This spring a new KROSS enduro bike has been launched called the Moon.
The bike was delivered and presented by two-time MTB trials word champion David Cachon. Taking part in the event, we were very impressed by what we saw, and now we finally had the chance to ride and test the 3.0 model, which represents the pinnacle of the extreme segment in the KROSS range.
KROSS is not a novice when it comes to the enduro genre. Nevertheless when one hears the brand name, the first thing that comes to mind are the multitude of XCO World Cups victories by Jolanda Neff, ridden in the saddle of a feathery light KROSS XC bike. The more extreme and challenging genre of MTB riding is getting more and more popular worldwide, with Poland contributing some fine riders in the competitive events. So the Polish manufacturer decided to significantly beef up its 2018 enduro lineup, David Cachon joined the KROSS professional cycling team, who is not only a valuable asset as a rider, but contributes to product development and the production of the brand’s videos releases. The Moon is the flagship enduro model, it’s available in 3 versions, namely 1.0, 2.0 and 3.0. The latter is the subject of this review, it has the best equipment, but the platform for all three model variants is essentially the same.
This review is unusual in two respects. On the one hand, the bike and I found each other by pure coincidence, on the other hand, our “relationship” lasted somewhat longer than usual. The story began on a fine day in June when I visited my favorite bike mechanic. Inside the shop I spotted a “fire red” KROSS enduro rig. I immediately realized that this was the new Moon we had recently wrote about in BikeMag. I was curious, so I asked the shop assistant how the bike got there – thinking that there are not many of them rolling around in Europe, not to mention Hungary! Did someone actually buy one of these in the shop? The reply was even more promising: it is a test bike and he will ride it at Lake Garda the following weekend. Once back home, I sent an email to the local distributor, asking if I could test the bike after it returned from the trip to Italy. It’s not every day that I have a chance to ride a bike of this caliber. My request got approved, and the following week I took the new, top-of-the-line Moon out of the store. The first surprise came when I tried to put the bike the car: it was very light for being a bona-fide enduro rig, and it was a challenge to fit inside due to its size.
Well, let’s take look at the technical aspects of KROSS Moon 3.0!
Compared to the previous model, the travel has been increased by 10mm, so it is now both 160mm in front and rear. The frame design follows modern trends with a longer top tube and a shallower head angle, making it much more stable on the fast descents. The KROSS fine-tuned its proprietary virtual link suspension RVS (Revo Virtual Suspension) platform, it has even been made less sensitive to pedaling and braking forces while retaining its plush, virtually endless stroke. For more information about the advanced RVS system, we have a complete article devoted to it here.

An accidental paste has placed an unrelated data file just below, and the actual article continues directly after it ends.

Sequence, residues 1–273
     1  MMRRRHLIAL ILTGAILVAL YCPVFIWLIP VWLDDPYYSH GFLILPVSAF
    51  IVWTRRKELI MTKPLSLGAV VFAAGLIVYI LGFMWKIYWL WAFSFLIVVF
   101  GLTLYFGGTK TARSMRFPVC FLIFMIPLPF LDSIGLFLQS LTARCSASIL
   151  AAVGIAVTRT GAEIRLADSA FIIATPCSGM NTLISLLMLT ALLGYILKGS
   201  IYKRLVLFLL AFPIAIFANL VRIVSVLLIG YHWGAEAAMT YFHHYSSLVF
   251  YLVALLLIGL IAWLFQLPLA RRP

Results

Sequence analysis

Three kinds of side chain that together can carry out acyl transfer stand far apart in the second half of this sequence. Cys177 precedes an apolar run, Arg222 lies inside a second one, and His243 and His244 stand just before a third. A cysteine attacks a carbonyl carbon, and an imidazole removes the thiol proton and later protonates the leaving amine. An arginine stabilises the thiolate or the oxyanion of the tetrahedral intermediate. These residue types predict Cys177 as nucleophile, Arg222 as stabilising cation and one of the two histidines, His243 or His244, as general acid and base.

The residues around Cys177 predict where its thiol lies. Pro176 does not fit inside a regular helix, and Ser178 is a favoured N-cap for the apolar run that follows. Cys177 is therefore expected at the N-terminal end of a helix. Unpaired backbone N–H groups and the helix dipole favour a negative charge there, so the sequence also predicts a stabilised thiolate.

To briefly sum up the essence of its operation, instead of moving the rear wheel along a single arc, the virtual link suspension platform provides a well-tuned span, where pedaling and braking have lesser impact on the suspension system’s movement. This results in a massive improvement in suspension performance compared to conventional single-pivot platforms.
Since the Moon is an enduro frame, KROSS provides the possibility to mount a chain guide, the industry standard console is found just behind the crankset. The cables are hidden, routed inside the frame, resulting in an exemplary clean apperance, with beatifully sculptured entry at the head tube. They have no chance of touching the frame, even when the handlebar is turned completely to one side. This might have been just a design element from the manufacturer, but in practice it has offers real benefits as well: none of the cables rub the paint causing unsightly scrubs on its beautifully painted surface!
Both the rear shock and front suspension fork are supplied by Fox. The Factory 36 has 160mm travel, a BOOST 15×110mm thru-axle, and the steerer is naturally tapered. It also features the special Kashima Coating on the sliders to make the travel even more smooth while also increasing its durability. At the back we find the Factory DPX2 rear shock perfectly complementing the front fork, it has the same elaborate and precise rebound and compression settings among its features. It can be configured for a wide range of terrain and rider preference. If we are discussing Fox equipment, we should also mention the Transfer Post dropper seat post found in the Moon 3.0, it even comes in two versions: either 125mm drop with 409 mm overall length (S/M) or 150×456 mm (L/XL) depending on the size of the frame. It is activated from the handlebar, the cable is naturally routed inside the frame.